19. The Commission provided a detailed calculation of the amounts claimed and corrected the errors in the calculation. As regards Agreement 1, the error in the Commission's initial calculation was in favour of the complainant since the correct principal amount to be recovered should have been EUR 198 388.04 instead of EUR 168 269.18. With respect to Agreement 2, the calculation also contained an error but the principal amount to be recovered, that is EUR 135 456.33, was correct. The liquidated damages for Agreement 1 should have been EUR 64 635.50 instead of EUR 58 790.79. The Commission said that it believes it is entitled to recover the EU funds paid and to which there was no entitlement. It would issue the corresponding corrected debit notes once the complainant had been given the opportunity to submit comments on the corrected amounts.

20. Addressing the issue of proportionality, the Commission stated that it is obliged to recover public money from a contractor which has breached the terms of an EU contract. The fact that the contractor may have been funded in other EU projects in the past or that it may have acted in good faith does not mean that it should keep funds to which it is not entitled. Nonetheless, taking into account the above circumstances and the impact that the recovery of liquidated damages might have on the complainant, the Commission decided not to claim liquidated damages for Agreement 1. It also undertook to inform the complainant that additional time for payment might be allowed.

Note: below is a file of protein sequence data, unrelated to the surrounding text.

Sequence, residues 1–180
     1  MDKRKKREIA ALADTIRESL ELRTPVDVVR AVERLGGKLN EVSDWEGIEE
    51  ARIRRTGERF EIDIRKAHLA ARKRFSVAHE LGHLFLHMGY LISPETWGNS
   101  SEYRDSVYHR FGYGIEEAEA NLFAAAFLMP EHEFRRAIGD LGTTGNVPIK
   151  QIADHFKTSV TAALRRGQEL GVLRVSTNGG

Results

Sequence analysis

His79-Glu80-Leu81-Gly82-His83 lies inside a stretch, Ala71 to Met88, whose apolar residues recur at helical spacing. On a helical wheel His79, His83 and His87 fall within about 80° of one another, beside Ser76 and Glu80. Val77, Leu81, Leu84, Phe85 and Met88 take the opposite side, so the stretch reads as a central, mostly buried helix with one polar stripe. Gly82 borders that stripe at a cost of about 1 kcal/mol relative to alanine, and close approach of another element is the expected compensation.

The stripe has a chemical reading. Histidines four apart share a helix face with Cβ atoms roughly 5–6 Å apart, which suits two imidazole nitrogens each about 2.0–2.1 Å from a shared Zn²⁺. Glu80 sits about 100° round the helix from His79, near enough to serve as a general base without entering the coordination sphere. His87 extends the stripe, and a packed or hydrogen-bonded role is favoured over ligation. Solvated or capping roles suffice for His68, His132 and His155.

21. As regards the approval of the complainant's periodic reports, the Commission explained that it is only during subsequent audits that submitted costs are checked against the requisite supporting documents which contractors have to keep in order to prove their expenditure. In fact, the Commission follows a trust-based approach, which means that its analysis of financial reports is based on the costs claimed. In order to facilitate work and to avoid delays in the implementation of the projects, the payments are made on the basis of the periodic reports and the cost (self)-declarations by contractors. Supporting documents need not be systematically sent. This approach is balanced by a system of audits. According to Article II.8.4 of the General Conditions of the Contract: "Approval of any report does not imply exemption from any audit or review, which may be carried out in accordance with the provisions of Article II.29."